Religious freedom is generally respected, but the Romanian Orthodox Church remains dominant and politically powerful. The government formally recognizes 18 religions, each of which is eligible for proportional state support. The Orthodox Church accounts for about 85 percent of the population, meaning it receives the bulk of state funds. Religious minorities report discrimination by some local officials and hostility from Orthodox priests.

The government does not restrict academic freedom, though the education system is weakened by widespread corruption. Private discussion is unrestricted.


E. Associational and Organizational Rights: 11 / 12

The constitution guarantees freedoms of assembly and association, and the government respects these rights in practice. In 2014, protests were held on issues including shale-gas exploration and calls for a Szekler autonomous region. After pro-Szekler demonstrators scuffled with police at a March event attended by Hungarian far-right figures, Romania imposed a travel ban on a number of Hungarian citizens belonging to such groups.

Nongovernmental organizations (NGOs) operate freely and have increasing influence, though they suffer from funding shortages, often rely on foreign donors, and sometimes face hostility from politicians. Workers have the right to form unions and a limited right to strike, but in practice many employers work against unions, and enforcement of union and labor protections is weak.


F. Rule of Law: 12 / 16

The country’s courts continue to suffer from chronic problems such as corruption, political influence, staffing shortages, and inefficient resource allocation. The EU praised the independence of the Constitutional Court in January 2014, but political and media pressure on the judiciary persisted in cases against powerful defendants. Conditions in prisons remain poor, though overcrowding has eased in recent years.

In 2014, the courts began proceedings against former commanders of communist-era prison camps for their role in the deaths of hundreds of political prisoners. The prosecutions were the first of their kind in postcommunist Romania.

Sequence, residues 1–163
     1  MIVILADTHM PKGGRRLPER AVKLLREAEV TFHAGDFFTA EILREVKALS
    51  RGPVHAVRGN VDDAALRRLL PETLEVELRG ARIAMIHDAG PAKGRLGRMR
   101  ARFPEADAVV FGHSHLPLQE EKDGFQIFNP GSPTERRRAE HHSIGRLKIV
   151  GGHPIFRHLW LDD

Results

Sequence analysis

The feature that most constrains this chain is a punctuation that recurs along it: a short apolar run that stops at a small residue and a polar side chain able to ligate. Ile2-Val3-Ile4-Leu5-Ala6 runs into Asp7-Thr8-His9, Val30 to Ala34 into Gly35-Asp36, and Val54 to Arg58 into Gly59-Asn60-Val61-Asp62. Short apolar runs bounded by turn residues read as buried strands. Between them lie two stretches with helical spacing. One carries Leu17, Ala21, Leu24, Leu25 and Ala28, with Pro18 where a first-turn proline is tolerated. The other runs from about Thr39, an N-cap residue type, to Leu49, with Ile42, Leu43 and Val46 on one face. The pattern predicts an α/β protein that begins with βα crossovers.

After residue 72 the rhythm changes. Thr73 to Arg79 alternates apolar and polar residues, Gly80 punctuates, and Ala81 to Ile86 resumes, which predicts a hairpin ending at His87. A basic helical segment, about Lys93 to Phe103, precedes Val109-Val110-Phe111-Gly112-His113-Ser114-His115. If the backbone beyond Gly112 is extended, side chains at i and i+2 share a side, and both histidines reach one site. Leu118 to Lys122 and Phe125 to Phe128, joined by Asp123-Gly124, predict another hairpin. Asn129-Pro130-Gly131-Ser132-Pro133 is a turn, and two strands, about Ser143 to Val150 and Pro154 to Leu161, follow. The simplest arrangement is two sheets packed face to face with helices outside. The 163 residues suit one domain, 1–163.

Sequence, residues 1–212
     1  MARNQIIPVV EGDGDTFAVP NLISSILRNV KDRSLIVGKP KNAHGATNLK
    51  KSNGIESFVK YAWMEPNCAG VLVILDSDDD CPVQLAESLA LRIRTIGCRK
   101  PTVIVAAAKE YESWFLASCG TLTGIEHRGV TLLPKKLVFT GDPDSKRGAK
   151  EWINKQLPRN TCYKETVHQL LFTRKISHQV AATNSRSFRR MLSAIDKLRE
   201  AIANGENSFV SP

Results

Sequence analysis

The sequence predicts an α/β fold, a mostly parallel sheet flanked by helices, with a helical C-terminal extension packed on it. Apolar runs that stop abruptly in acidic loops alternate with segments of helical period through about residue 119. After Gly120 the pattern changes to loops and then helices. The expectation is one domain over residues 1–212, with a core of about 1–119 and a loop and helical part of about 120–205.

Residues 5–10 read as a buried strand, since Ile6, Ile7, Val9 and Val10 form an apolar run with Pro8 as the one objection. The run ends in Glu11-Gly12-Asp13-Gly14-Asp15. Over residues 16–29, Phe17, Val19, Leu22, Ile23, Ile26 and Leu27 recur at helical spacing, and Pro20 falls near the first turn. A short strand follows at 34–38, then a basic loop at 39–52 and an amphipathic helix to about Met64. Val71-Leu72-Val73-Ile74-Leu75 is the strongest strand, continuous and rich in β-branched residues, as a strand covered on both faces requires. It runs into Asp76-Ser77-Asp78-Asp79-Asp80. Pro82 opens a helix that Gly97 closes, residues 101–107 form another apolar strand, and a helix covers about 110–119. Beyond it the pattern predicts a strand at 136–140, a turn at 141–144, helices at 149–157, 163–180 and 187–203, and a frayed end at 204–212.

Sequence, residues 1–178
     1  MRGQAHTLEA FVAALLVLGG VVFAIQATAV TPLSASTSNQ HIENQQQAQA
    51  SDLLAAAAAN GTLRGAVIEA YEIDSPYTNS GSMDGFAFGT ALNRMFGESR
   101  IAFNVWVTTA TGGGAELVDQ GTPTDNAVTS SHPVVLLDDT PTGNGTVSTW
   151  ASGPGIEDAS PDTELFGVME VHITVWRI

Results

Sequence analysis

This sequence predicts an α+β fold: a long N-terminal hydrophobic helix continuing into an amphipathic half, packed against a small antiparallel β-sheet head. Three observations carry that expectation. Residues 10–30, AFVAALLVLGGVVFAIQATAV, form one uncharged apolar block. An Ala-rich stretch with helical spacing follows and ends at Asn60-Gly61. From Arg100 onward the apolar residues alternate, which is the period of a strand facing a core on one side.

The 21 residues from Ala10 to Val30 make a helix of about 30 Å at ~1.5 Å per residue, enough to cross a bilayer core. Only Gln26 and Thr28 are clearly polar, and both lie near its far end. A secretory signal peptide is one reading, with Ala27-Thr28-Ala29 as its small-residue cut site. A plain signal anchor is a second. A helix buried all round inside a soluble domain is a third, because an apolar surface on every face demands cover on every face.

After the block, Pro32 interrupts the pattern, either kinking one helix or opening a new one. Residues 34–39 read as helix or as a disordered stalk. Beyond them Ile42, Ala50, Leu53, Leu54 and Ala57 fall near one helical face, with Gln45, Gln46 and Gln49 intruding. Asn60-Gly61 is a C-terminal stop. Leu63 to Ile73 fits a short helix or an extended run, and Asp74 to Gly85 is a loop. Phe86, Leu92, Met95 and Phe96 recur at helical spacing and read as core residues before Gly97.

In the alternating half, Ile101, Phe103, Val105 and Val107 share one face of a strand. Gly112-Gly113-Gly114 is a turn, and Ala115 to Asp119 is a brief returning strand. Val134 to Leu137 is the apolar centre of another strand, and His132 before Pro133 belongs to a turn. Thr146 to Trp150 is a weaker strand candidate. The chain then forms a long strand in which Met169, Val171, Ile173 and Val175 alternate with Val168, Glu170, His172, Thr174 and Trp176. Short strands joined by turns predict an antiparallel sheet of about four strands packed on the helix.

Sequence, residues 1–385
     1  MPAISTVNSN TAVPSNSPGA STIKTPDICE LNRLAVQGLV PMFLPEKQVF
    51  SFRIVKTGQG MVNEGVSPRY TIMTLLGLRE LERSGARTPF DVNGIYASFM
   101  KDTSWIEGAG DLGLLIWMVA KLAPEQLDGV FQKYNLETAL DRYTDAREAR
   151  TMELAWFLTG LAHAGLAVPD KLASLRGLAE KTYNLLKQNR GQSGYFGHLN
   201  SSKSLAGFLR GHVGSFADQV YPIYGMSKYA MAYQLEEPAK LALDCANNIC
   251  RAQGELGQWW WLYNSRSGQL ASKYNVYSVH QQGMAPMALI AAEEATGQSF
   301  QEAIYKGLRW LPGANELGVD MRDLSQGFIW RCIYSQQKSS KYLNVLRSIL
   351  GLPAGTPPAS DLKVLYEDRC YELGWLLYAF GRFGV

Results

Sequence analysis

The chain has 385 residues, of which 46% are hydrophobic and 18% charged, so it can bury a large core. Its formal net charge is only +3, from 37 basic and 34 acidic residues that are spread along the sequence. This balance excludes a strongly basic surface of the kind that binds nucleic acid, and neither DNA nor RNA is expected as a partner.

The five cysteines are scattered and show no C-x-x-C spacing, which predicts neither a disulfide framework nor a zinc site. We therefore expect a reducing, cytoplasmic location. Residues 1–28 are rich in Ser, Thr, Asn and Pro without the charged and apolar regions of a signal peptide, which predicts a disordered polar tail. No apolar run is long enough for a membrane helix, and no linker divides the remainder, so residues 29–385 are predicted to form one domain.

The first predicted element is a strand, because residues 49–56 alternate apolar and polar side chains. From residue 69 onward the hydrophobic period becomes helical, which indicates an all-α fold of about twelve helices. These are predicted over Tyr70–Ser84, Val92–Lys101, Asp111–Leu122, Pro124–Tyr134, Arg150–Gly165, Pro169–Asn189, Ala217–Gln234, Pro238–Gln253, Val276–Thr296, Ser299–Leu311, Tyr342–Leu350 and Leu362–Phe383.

Roma, people with disabilities, LGBT (lesbian, gay, bisexual, and transgender) people, and HIV-positive children and adults face discrimination in education, employment, and other areas. The country’s antidiscrimination council fined Băsescu 600 lei ($180) in February 2014 for racist remarks made in 2010—the first such penalty against a sitting president in Romania.


G. Personal Autonomy and Individual Rights: 12 / 16

Romanians face no significant restrictions on freedom of movement, whether for internal or external travel. Citizens are also free to change residence and employment, though bribery can play a role in access to higher education.

A large proportion of business activity in Romania takes place in the so-called gray economy and is exposed to criminal influences and practices. This unofficial, untaxed sector accounted for about 28 percent of gross domestic product in 2013, according to the Council of Europe.

The constitution guarantees women equal rights, but gender discrimination is a problem. Women hold less than 12 percent of the seats in Parliament. A 2012 legal amendment provided for restraining orders in domestic violence cases, which are rarely prosecuted. Romany community leaders agreed in March 2014 to ban marriages of children under age 16, an illegal practice that has persisted among some minority groups. Trafficking of women and girls for forced prostitution remains a major concern, as does trafficking of children for forced begging.

Same-sex marriage is not permitted, and proposed constitutional amendments have included a provision that would define marriage to exclude same-sex relationships.


Scoring Key: X / Y (Z)

X = Score Received

Y = Best Possible Score

Z = Change from Previous Year

Full Methodology